- Katherine A Vittes, research associate,
- Jon S Vernick, associate professor,
- Daniel W Webster, professor
- 1Johns Hopkins Bloomberg School of Public Health, Health Policy and Management, Center for Gun Policy and Research, Baltimore, MD 21205-1996, USA
In the aftermath of the tragic mass shooting in Newtown, Connecticut, on 14 December—where 20 young children and seven adults, including the perpetrator, were killed—there seems to be a newfound willingness among policy makers and the public to consider common sense gun policy reforms. This is a debate that until now has been conspicuously absent in the United States.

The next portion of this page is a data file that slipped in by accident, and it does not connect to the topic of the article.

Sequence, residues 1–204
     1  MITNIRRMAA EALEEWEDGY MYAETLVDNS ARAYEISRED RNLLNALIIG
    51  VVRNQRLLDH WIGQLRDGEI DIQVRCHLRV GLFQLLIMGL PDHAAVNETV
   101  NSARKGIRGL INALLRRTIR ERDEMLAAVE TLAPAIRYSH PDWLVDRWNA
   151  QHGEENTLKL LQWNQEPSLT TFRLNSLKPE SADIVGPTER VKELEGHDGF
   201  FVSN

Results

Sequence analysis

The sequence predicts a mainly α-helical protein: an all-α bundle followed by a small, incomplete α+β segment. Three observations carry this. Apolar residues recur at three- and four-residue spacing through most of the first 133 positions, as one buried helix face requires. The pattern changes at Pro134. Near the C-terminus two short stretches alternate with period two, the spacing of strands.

Although mass shootings have increased in recent years, the resultant deaths are just the tip of the iceberg. Guns are used to kill about about 86 people in the US each day,1 and the US has long been an outlier among high income countries in its firearm death rate. This difference is most starkly illustrated by the homicide rate in the US, which is seven times higher than that of 22 other high income nations. The high rate of homicides in the US is driven by a firearm homicide rate that is 20 times higher than in other countries.2
Contrary to pro-gun lobby claims, research into prevention of gun violence has shown that reasonable reforms could reduce the excessively high rates of firearm deaths in the US while preserving …